On Windows there are a slew of file recovery tools which will peer intently at an optical disc, retrying until they recover every possible file. The leading tool is probably Isobuster, but there are dozens of candidates for the title. There are few automated (or even user-friendly) data recovery tools on Linux or UNIX(tm) platforms, but common tools which are often even included with the core system or which are installable through the official package system are often sufficient for performing this critical task.
Ubuntu Gutsy is the first version of Ubuntu to include LTSP verison 5, MueKow. This new version of LTSP is designed to better be integrated with your distribution of choice, and while LTSP.org provides a source distribution, this is not recommended unless you are rolling your own Linux (e.g. "Linux From Scratch".)
There are oodles of guides to netbooting the ubuntu install. This is the story of what worked for me. You could start with any of the nearly-identical guides – I began with FRIS's "Install Ubuntu Gutsy over network or from a hard-disk" on Linux Mini. Now that we've gotten credit out of the way, here are the basic steps in broad strokes:
My Compaq nw9440 laptop has a Conexant HSF soft modem. To make a long story short, the only way to get it to work on Linux (that I know of, anyway) is to use the commercial Linuxant drivers. Conexant paid them to sell drivers, and they're twenty bucks. It's not a bad deal compared to 3com, which does not and may never have Linux support for Winmodems (especially older ones.)
UPDATE 200802120955 PST: On my system (Ubuntu gutsy, wine-0.9.47) this seems to be working. I will leave this page up for posterity. --drink
Since about 0.9.13 or so Wine has been capable of running Steam and its attendant games, which includes items like Half-Life 2. However, steam backups don't seem to want to work properly.
If you play Freespace 2 Open with the Freespace 1 Port, and you have version 3.0.3 and want to convert to 3.0.4, you are supposed to run a batch file to run bspatch and make the new VP file. You can do this on Linux if you have Wine (I imagine more or less any version would work, but I don't know) installed, with the following shell script.
It is considered axiomatic among gamers that a game that's good when it's new is always good - if it doesn't have staying power, it just wasn't that amazing in the first place. There's a few games that, years after their release, we're still playing - games like Tetris, Sid Meier's Alpha Centauri, the original Quake, or for that matter Asteroids. Each genre has at least one game that fits this description. In the space flight simulator category there are really three games which stand out significantly: Tie Fighter, which was really the first truly-3D spaceflight sim with believable capital ships; Wing Commander, various versions of which (especially Privateer) are still being played avidly; and Descent: Freespace along with Freespace 2, two titles from Volition that years later are still the benchmark for such games. The list would also not be complete without Elite, which is arguably the game that really defined the genre to begin with.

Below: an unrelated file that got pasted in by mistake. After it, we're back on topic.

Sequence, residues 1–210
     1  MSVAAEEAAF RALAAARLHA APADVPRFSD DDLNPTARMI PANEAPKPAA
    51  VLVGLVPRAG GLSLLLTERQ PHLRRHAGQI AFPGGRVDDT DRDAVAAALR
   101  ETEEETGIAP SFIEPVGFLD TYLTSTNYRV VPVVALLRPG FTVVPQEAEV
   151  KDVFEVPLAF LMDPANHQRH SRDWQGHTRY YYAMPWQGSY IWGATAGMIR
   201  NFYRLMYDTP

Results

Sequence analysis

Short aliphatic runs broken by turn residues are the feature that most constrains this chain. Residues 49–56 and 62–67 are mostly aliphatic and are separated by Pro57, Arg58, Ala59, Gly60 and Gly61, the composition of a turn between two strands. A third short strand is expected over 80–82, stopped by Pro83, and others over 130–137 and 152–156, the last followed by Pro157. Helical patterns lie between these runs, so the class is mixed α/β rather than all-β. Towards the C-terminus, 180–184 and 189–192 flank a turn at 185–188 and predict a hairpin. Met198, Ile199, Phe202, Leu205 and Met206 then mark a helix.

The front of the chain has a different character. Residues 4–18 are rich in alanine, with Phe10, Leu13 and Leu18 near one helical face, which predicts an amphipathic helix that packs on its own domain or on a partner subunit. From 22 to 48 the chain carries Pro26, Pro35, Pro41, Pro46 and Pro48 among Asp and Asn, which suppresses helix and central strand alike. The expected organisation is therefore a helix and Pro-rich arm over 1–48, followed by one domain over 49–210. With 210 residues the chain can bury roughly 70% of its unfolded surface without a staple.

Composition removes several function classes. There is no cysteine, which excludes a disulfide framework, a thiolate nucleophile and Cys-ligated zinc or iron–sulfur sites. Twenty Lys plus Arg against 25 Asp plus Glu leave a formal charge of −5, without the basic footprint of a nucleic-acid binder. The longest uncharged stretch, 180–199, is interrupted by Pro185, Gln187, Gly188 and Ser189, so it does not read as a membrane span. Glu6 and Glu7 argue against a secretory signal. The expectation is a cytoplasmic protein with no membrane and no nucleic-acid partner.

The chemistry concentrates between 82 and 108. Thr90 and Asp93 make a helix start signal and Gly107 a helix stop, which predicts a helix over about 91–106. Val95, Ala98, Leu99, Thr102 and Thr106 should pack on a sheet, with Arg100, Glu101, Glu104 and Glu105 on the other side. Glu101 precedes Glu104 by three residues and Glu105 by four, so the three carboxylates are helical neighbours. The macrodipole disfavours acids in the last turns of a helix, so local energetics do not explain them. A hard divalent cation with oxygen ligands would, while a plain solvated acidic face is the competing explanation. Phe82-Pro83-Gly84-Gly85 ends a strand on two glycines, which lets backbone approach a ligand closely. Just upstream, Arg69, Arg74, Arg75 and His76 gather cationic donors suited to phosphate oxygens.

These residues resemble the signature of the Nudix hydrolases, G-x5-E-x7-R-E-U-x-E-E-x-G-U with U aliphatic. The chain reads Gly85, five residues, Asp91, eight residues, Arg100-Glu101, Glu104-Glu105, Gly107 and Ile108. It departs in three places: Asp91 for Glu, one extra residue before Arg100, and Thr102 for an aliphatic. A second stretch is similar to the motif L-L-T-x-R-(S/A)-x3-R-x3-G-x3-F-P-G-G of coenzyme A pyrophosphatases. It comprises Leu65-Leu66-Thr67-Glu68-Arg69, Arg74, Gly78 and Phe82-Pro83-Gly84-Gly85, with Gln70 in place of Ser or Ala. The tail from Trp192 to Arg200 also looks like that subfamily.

I bought both Freespace and Freespace 2 not long after they came out, and recently while looking for games to play on Linux I decided to try to run FS2 under Wine. This didn't work, but then someplace in the back of my mind I dimly remembered that Volition had long ago open-sourced Freespace 2. Back then, I didn't have a Linux system worth playing games on, and I was dual-booting Windows anyway, so it didn't matter. But today, I run only Linux (aside from virtual machines - which aside from VMware Workstation, don't support 3d graphics yet) and so the Linux port had become relevant.
As discussed in a previous article, KVM is a kernel-accelerated virtualization package for Linux that utilizes AMD or Intel VT to reduce the cost of virtualization. It is based in part on qemu, a long-lived processor emulation package which also has a non-VT virtualizing engine, kqemu. One of the benefits of using qemu as a codebase is that qemu already has emulation for various pieces of hardware, including network cards. qemu can use a variety of methods for providing networking, including slirp, tunneling, and various others.
To me, the most interesting type of networking is VDE, or "virtual distributed ethernet". This is most similar to the type of networking performed by VMware. vde provides virtual switches (or hubs) and lets you connect them together at will. This document will not explain how to configure a complicated setup; it explains only how to set up a single TUN/TAP interface and utilize it. I will also briefly cover IP Masquerading, which is necessary for your system to access the outside world if it doesn't have a real, routable IP address.